The logo of the General Directorate for Internal Security is seen at its headquarters in Paris, France, on August 31, 2020. The agency recently summoned journalists Benoît Collombat, Jacques Monin, and Geoffrey Livolsi. (Reuters/Stephane de Sakutin)

French intelligence agency summons 3 journalists for questioning

Berlin, December 12, 2022 — The General Directorate for Internal Security, France’s domestic intelligence agency, should immediately withdraw summonses issued to journalists Benoît Collombat, Jacques Monin, and Geoffrey Livolsi, and refrain from questioning members of the press over their work, the Committee to Protect Journalists said Monday.

On December 7, the agency issued summonses for Collombat, an investigative reporter for French public broadcaster Radio France; Monin, head of investigations at Radio France; and Livolsi, a reporter at the investigative news website Disclose, to appear for questioning on Wednesday, December 14, according to their employers, news reports, and Monin and Livolsi, who communicated with CPJ via email.

The summonses stem from an investigation, opened in 2021, over the leak of military information relating to 2018 reporting by Disclose and Radio France about a criminal investigation into alleged influence peddling and favoritism in the French military, according to those reports.

“France’s General Directorate for Internal Security must immediately withdraw its summonses issued to investigative journalists Benoît Collombat, Jacques Monin, and Geoffrey Livolsi,” said Attila Mong, CPJ’s Europe representative, in Berlin. “Journalists must be able to protect their confidential sources and freely report on national defense and security. This questioning will put them under unnecessary pressure and could have a chilling effect on defense reporting.”

Livolsi told CPJ that he planned to attend the questioning accompanied by his layer. Monin said that he and Collombat would also attend, but declined to give any further comment before the questioning.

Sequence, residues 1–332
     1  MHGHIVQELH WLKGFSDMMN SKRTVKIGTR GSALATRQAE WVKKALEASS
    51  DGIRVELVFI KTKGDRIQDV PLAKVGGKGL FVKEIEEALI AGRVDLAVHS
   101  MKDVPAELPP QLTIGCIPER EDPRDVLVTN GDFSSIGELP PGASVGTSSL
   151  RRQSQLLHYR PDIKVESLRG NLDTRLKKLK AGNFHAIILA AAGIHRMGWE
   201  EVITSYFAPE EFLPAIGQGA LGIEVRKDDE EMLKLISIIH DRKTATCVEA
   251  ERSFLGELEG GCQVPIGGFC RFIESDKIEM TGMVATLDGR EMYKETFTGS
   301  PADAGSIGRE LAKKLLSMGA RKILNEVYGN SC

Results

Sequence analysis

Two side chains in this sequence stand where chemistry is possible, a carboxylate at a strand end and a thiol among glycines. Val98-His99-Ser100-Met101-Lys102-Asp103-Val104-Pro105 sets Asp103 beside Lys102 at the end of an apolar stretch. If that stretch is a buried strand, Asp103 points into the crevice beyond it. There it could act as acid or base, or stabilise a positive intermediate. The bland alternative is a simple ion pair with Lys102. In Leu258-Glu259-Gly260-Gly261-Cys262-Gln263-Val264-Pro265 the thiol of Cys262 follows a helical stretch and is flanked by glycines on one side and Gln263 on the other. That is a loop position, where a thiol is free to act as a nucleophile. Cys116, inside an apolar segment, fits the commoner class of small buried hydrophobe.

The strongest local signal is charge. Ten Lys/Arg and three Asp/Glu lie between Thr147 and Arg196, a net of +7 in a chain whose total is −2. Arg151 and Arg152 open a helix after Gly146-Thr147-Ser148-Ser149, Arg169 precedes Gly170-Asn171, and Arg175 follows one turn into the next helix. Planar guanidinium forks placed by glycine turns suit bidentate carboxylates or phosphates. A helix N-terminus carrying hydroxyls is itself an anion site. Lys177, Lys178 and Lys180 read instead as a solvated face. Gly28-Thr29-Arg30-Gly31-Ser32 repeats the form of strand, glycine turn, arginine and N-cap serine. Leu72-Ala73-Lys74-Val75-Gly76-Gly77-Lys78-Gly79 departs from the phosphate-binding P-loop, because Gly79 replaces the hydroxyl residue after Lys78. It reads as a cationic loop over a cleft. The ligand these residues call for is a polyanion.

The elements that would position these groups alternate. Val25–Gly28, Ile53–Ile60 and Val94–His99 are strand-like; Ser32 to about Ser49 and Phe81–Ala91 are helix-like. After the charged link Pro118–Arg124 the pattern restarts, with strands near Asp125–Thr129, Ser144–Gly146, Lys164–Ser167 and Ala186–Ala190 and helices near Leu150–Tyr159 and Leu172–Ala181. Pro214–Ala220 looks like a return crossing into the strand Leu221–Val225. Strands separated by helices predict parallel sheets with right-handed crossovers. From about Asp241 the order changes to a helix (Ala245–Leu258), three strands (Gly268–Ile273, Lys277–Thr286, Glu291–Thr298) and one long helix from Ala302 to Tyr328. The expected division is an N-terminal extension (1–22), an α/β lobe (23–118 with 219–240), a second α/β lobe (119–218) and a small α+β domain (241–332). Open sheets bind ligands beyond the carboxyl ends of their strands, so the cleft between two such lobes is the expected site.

The leak investigation is being carried out under a section of the French criminal code that bars disclosing information that could identify a member of a special forces unit; conviction can carry prison terms of up to five years and fines of up to 75,000 euros (US$79,000).

The General Directorate for Internal Security previously summoned Collombat and Livolsi in 2019 in a separate leak investigation relating to their coverage of alleged corruption in the military, as CPJ documented at the time.

“These repeated summonses are intended to deliberately intimidate journalists carrying out investigations,” Livolsi told CPJ.

After the publication of this article, the French Ministry of the Armed Forces’ media department emailed a statement to CPJ saying that, while the ministry could not comment on an ongoing investigation, the law barred anyone from releasing the “identity of soldiers belonging to certain units.”

“Revealing their identity constitutes a criminal offense and jeopardizes operations for the benefit of the safety of our fellow citizens,” the statement said.

CPJ emailed the French the Interior Ministry, which oversees the intelligence agency; and the Financial Prosecutor’s Office, which conducted the 2018 investigation into the military, did not immediately receive any replies. Le Monde reported that authorities have not commented on whether the investigation into alleged influence peddling is still ongoing.

[Editors’ note: This article has been updated to include a response from the French Ministry of the Armed Forces.]